Hendry County jury returns guilty verdict against man who killed 'Batman'
A Hendry County jury returned a guilty verdict Thursday against the man accused of fatally shooting an off-duty Florida Fish and Wildlife Conservation Commission officer, remembered as Southwest Florida's "Batman."
Eliceo Hernandez, 23, of LaBelle, was found guilty of second-degree murder with a firearm and attempted second-degree murder, for shooting and killing off-duty FWC officer Julian Keen, Jr., 30, on June 14, 2020.
The jury returned the verdict following a three-day trial.
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Keen was at his LaBelle home with a friend when they heard a loud crash. They looked outside and noticed a pickup leaving.
Investigators determined through interviews that Keen and his friend had witnessed a reckless driver. Keen followed the driver and a chase continued along County Road 78, and through a convenience store parking lot, when the suspect turned north on Nobles Road, in LaBelle, officials said.
Keen's friend rear-ended the pickup, causing it to go off the roadway, but Hernandez maintained control and traveled north a short distance before the man struck the pickup again.
Hernandez lost control and crashed into a ditch at Nobles Road and Apache Circle.
Keen then drove into the convenience store parking lot and continued on foot to the crash.
Hernandez grabbed his gun and jumped out of his pickup, getting into a car driven by his girlfriend.
They drove around the block and Hernandez got out of the car and shot at both men.
One bullet struck and killed Keen. Hernandez fled.
Investigators with the Hendry County Sheriff’s Office located the car, identified Hernandez and arrested him.
Who was Julian Keen?
Growing up in LaBelle and Immokalee, Keen was dedicated to bettering his community by mentoring the youth.
"I wanted to ensure I carried out my brother's legacy," Kennetha Rice, Keen's older sister, told the Daily News at the time. "The legacy of being the change you want to see in this world. Julian wanted to see that every child had a mentor."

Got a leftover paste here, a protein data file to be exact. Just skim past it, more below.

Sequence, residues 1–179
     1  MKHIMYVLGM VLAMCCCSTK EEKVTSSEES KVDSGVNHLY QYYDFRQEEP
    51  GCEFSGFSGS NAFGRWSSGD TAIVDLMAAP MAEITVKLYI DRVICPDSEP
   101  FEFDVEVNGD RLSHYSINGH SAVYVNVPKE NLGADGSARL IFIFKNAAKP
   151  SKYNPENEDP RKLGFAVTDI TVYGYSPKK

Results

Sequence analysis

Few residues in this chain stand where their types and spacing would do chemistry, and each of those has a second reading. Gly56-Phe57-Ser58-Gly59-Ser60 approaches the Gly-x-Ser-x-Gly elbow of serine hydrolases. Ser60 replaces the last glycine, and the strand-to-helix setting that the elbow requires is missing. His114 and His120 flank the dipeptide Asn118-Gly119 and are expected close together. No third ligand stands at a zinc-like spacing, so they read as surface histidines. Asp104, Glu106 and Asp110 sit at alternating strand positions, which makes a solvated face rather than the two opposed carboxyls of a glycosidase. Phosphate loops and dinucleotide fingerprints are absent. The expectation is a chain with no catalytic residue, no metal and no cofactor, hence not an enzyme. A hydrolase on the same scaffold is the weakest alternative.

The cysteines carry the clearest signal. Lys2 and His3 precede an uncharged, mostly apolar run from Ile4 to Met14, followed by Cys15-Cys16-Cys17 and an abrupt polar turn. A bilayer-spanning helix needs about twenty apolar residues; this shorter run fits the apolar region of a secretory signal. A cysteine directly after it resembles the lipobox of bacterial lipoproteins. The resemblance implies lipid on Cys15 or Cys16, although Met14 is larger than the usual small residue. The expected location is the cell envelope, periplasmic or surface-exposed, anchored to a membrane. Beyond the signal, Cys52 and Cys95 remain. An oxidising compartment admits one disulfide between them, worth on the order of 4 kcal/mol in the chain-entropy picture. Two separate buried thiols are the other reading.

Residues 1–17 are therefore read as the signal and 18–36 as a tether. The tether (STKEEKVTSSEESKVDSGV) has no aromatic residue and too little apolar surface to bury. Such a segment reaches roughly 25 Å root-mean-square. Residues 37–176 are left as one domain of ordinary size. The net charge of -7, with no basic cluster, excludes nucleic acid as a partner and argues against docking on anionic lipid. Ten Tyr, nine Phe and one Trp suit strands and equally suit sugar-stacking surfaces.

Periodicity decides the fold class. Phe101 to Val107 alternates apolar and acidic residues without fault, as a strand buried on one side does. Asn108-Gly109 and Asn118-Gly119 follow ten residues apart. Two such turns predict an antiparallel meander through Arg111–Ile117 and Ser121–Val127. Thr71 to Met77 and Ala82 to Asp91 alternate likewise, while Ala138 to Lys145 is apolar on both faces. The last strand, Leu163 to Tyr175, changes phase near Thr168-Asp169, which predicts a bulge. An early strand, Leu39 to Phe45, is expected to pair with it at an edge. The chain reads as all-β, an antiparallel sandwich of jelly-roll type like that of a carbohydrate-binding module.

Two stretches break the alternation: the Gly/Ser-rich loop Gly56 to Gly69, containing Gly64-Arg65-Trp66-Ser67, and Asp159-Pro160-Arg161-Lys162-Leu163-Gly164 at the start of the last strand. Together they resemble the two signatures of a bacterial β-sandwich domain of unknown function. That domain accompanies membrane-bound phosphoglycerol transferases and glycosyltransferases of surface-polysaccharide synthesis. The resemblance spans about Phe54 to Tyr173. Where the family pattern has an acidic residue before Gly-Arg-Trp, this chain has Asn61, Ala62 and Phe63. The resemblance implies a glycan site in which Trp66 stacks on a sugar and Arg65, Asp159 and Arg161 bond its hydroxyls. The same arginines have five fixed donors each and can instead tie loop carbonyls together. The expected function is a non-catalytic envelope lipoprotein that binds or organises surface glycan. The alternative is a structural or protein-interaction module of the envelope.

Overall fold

Her brother’s final Facebook post asked others in the community to step forward and help mentor the youth, Rice said.
"In the end, I want my brother to be smiling down from Heaven and know that he did not leave a job unfinished," Rice said.
Rice launched youth mentorship program through a nonprofit, Julian Lee Keen Foundation, partnering with the Collier County Sheriff’s Office and Collier County Public Schools. The program launched in August 2021 with students at Immokalee Middle School.
Keen was a high school football star and homecoming-king-turned-alligator-wrestler. He later became a community pillar.
His association with the famed superhero Batman came into play when he became involved in bettering his community by mentoring the youth.
"FWC Officer Julian Keen was a dedicated officer and a pillar of his community," said Col. Roger Young, director of the FWC Division of Law Enforcement. "We hope this verdict brings some measure of closure to his friends, family, community and all his brothers and sisters in law enforcement who continue to mourn his death."
On June 18, 2021, the U.S. Army Corps of Engineers Jacksonville District and the FWC renamed the Moore Haven Lock and Dam to honor Keen.
Hernandez's sentencing is slated for March 30.
Naples Daily News archives contributed to this report.
Tomas Rodriguez is a Breaking/Live News Reporter for the Naples Daily News and The News-Press. You can reach Tomas at TRodriguez@gannett.com or 772-333-5501. Connect with him on Twitter @TomasFRoBeltran, Instagram @tomasfrobeltran and Facebook @tomasrodrigueznews.